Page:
This comprehensive book traces the origins and progression of photography from its humble beginnings in daguerreotypes to the gradual mastering of photographic portraits, techniques, and negatives. The wider use of photography in journalism, for documenting architecture and art movements, and its capacity to produce piercing perspectives on the social and political climate of the nineteenth and twentieth centuries are all carefully evaluated, as well as the work of amateurs such as Zola who tried their hand at this revolutionary art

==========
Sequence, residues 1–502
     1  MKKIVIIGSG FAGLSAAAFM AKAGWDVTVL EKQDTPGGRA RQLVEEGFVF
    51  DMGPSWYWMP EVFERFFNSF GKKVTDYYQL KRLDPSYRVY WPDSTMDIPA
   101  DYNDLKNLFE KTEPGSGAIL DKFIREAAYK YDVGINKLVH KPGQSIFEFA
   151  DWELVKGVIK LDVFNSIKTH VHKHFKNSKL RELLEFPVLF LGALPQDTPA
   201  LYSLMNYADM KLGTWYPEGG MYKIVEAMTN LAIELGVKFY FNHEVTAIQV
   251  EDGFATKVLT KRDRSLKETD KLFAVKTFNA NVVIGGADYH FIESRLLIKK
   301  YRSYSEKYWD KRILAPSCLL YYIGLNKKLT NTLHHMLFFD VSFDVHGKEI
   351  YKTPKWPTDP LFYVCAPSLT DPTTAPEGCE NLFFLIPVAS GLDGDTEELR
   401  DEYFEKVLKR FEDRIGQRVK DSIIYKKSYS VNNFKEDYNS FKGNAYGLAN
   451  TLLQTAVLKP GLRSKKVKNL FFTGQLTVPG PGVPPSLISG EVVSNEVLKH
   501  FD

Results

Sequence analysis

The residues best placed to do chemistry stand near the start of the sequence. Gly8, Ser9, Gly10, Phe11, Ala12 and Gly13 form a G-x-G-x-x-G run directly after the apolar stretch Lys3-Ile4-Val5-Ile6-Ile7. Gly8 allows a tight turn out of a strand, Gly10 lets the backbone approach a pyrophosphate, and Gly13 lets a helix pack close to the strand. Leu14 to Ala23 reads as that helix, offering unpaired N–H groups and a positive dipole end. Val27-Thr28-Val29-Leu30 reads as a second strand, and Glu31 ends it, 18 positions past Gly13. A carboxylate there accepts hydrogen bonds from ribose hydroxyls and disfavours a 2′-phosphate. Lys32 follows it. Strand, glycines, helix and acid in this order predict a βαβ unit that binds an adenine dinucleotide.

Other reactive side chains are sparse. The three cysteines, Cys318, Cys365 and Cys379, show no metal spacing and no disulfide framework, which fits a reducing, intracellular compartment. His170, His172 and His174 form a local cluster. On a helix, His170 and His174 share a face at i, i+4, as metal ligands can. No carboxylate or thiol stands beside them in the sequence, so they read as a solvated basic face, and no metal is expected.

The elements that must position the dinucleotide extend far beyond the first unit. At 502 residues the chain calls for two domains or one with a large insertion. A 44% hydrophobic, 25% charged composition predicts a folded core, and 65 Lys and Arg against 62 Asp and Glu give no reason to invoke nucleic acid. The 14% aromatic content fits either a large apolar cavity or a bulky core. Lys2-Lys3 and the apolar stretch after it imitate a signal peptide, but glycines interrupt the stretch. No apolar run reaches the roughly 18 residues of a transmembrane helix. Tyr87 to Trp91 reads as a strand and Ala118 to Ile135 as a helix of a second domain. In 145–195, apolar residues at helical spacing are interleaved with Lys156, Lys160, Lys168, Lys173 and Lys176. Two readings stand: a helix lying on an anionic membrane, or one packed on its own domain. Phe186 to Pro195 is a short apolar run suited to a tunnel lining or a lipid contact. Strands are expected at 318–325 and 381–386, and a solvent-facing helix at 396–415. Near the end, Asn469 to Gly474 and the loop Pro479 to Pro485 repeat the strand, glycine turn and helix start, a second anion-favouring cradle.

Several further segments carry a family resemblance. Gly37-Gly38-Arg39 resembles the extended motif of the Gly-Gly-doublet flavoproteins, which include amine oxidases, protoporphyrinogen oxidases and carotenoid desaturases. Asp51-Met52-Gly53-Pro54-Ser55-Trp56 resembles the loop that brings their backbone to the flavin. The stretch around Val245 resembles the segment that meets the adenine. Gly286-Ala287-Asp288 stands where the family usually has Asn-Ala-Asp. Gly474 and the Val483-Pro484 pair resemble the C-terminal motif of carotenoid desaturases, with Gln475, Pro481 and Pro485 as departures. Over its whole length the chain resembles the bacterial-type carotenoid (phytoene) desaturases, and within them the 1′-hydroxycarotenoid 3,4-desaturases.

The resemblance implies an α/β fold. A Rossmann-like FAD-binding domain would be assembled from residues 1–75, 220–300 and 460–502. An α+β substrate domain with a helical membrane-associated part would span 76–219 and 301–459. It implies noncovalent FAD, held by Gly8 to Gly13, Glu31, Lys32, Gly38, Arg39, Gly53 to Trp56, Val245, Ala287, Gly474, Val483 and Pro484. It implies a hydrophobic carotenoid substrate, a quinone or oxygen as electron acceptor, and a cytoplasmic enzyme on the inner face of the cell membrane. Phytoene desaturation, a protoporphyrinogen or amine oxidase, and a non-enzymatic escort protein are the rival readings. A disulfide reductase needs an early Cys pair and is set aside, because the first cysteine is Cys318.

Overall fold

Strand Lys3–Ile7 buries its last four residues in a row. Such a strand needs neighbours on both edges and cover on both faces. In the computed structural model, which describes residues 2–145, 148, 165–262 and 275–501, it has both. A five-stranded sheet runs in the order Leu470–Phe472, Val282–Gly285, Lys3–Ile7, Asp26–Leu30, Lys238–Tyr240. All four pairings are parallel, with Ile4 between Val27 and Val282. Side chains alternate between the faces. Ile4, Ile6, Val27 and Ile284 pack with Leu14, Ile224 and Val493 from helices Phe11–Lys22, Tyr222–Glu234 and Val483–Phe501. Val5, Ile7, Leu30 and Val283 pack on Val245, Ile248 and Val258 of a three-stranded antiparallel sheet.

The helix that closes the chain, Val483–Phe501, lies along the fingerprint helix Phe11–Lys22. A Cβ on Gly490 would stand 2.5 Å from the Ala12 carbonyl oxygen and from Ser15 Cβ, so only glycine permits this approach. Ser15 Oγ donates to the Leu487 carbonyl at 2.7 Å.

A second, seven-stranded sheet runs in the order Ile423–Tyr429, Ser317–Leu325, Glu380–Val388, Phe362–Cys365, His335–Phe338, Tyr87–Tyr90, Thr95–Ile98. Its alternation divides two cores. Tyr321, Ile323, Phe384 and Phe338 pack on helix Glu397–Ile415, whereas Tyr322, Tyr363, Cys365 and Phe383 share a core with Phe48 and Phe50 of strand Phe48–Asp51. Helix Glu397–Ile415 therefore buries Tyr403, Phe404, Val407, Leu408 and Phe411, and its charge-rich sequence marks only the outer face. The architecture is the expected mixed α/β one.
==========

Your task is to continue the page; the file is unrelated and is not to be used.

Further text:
form. Twenty-five years after the inauguration of France's first permanent exhibition devoted solely to photography, the Musee d'Orsay continues in its innovative and original thread. This book bears testimony to the unique nature of the museum's collection, noted for its rare finds, their quality, and the sheer number of works it holds (more than fifty-five thousand). The collection's most-treasured works are exposed here, including a portrait of Baudelaire by Nadar and the recently acquired portrait of Man Ray by Stieglitz.